The detective spent an hour speaking with his Lt. about what was occurring at the hospital and was finally told to arrest the nurse if she continues to interfere. That is what happened.

When the detective learned hospital staff took a blood sample the nurse was released and in his report noted that detectives can decide if they want to pursue charges against the nurse for obstruction.



posted on Sep, 4 2017 @ 04:21 PM
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In case this hasn't been posted.



posted on Sep, 4 2017 @ 04:23 PM
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a reply to: Lilroanie
You made some good points.

The patient was in a compromised state at the time of his request. There was no sensible reason for the urgency that detective placed on drawing the patient's blood. There was no sound legal reason for the detective to further compromise the patient. The patient was not under arrest, he was not a flight risk, he was not suspected of any wrong doing. There was no need for an additional blood draw and definitely not from someone outside of the hospital.

The claim they are making that they did not know that blood had already been drawn is not just unbelievable, it is highly suspicious. It is a no brainer. Placing a line and obtaining blood work, including a toxicology, would have been the first and most important step in the treatment of a burn patient, and or a patient that is likely to experience shock.

Besides, the first thing any competent and professional person would do, is to ask what blood had already been drawn on the patient, before attempting to draw blood. Even if I have to collect additional blood or urine, I always ask what had already been done, and I always request a copy of the reports for comparison. The lab prefers it that way, it helps them with their data analysis.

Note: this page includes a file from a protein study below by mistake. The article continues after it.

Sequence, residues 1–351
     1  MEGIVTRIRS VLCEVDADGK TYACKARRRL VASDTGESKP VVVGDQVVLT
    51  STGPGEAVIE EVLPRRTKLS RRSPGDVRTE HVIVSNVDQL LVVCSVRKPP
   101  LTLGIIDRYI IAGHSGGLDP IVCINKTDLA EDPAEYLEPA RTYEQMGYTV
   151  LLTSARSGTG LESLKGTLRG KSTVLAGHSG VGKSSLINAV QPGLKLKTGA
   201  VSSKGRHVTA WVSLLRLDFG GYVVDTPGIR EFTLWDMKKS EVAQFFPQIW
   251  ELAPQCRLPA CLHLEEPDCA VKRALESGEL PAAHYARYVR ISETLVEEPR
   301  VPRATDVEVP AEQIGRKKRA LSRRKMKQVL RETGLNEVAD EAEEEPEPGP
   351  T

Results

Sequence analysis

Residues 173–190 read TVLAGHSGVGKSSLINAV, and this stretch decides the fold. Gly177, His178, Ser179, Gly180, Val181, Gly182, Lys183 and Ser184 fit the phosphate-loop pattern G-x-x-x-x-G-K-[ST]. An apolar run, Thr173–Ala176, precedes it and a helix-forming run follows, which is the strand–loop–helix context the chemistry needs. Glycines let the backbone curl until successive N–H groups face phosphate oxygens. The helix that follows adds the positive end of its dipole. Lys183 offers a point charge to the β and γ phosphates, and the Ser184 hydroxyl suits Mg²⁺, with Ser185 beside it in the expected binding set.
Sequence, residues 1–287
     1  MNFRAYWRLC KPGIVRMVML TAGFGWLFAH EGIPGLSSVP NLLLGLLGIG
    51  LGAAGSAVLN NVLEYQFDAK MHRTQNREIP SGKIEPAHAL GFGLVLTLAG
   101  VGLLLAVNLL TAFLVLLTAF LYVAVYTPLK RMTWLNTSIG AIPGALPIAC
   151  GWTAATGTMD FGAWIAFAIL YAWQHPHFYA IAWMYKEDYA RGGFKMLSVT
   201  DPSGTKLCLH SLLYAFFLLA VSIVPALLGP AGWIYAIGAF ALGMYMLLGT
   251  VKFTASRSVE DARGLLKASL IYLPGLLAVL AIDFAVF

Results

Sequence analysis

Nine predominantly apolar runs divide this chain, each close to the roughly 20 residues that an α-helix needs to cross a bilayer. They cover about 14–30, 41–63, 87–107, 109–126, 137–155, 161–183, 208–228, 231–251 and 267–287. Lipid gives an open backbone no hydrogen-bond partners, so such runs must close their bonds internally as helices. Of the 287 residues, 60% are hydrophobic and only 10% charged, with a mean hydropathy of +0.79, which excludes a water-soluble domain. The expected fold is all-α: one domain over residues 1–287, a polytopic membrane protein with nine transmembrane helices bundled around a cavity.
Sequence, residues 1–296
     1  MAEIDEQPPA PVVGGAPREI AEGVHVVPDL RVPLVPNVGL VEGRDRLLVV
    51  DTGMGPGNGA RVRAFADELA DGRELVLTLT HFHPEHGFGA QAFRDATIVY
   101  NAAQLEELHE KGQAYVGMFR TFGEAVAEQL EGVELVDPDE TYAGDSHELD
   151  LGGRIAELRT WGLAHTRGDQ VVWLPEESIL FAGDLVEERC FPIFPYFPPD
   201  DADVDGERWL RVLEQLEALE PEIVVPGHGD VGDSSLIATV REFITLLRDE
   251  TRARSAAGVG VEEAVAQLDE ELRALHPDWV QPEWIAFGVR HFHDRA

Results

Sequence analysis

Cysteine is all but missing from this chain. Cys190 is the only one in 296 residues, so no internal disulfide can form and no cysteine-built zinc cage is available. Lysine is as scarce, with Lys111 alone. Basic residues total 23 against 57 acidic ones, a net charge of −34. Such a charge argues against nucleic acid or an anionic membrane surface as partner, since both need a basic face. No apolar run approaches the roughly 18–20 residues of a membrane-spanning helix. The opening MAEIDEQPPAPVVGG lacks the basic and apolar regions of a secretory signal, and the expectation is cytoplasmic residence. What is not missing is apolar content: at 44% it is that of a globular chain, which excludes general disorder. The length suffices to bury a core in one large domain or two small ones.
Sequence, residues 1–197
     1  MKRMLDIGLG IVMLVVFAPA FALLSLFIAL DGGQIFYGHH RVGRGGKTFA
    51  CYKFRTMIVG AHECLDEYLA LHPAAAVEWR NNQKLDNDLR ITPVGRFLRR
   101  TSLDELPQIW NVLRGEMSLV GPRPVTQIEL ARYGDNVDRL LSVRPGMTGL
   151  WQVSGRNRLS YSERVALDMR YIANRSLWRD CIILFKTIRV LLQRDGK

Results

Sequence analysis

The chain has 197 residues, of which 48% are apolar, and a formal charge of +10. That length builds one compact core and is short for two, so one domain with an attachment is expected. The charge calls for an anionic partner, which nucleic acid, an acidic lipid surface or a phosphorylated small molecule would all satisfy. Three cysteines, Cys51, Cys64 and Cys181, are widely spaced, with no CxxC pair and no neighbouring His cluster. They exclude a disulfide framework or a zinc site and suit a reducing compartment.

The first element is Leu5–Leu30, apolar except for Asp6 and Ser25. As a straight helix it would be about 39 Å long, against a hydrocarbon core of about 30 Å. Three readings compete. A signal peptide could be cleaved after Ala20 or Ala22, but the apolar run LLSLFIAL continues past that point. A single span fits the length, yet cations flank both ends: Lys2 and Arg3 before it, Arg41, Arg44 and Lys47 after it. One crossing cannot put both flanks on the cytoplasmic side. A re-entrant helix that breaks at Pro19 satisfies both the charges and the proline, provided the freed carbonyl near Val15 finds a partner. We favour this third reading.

In a compromised state it is insane that the detective or his superiors would think that it was of such urgency for the detective to draw the victim's blood.

It makes me think that they may have had some other plans for that blood. I can guarantee you it was not to meet some DOT criteria.



posted on Sep, 4 2017 @ 04:29 PM
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a reply to: NightSkyeB4Dawn

Access to the patient was not based on patient protection. Had the officer had warrant as hospital policy demands he would have been allowed to take blood. Had the patients safety been a factor the nurse would have made that argument.

She did not.



posted on Sep, 4 2017 @ 04:37 PM
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a reply to: loam
Still no reason given for the urgency placed on the detective drawing this patient's blood.

The nurse states that the detective approached her in an angry and aggressive manner from the start.

Something is clearly being hidden.

At first I was supportive of her decision not to sue, but now I am leaning more towards the idea that maybe she should sue.

Maybe he is the one that should have had his blood drawn, it may answer more questions than is likely to come from the blood of the victim.



posted on Sep, 4 2017 @ 04:39 PM
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a reply to: NightSkyeB4Dawn


It makes me think that they may have had some other plans for that blood.


Of course you do.


I can guarantee you it was not to meet some DOT criteria.


Of course you don't.

Correct me if I'm wrong, anybody, but I don't recall the nurse informing anybody that blood work had already been done until after she'd been placed in handcuffs, no? So....if "the first thing any competent professional person would do" would be to ask, and nobody asked, then why didn't anybody mention blood work had been done?

Again, for the umpteenth time, not blaming the nurse for an arrest. Just wondering why if it's such a "no brainer" she didn't mention it until the cop had put her in his vehicle.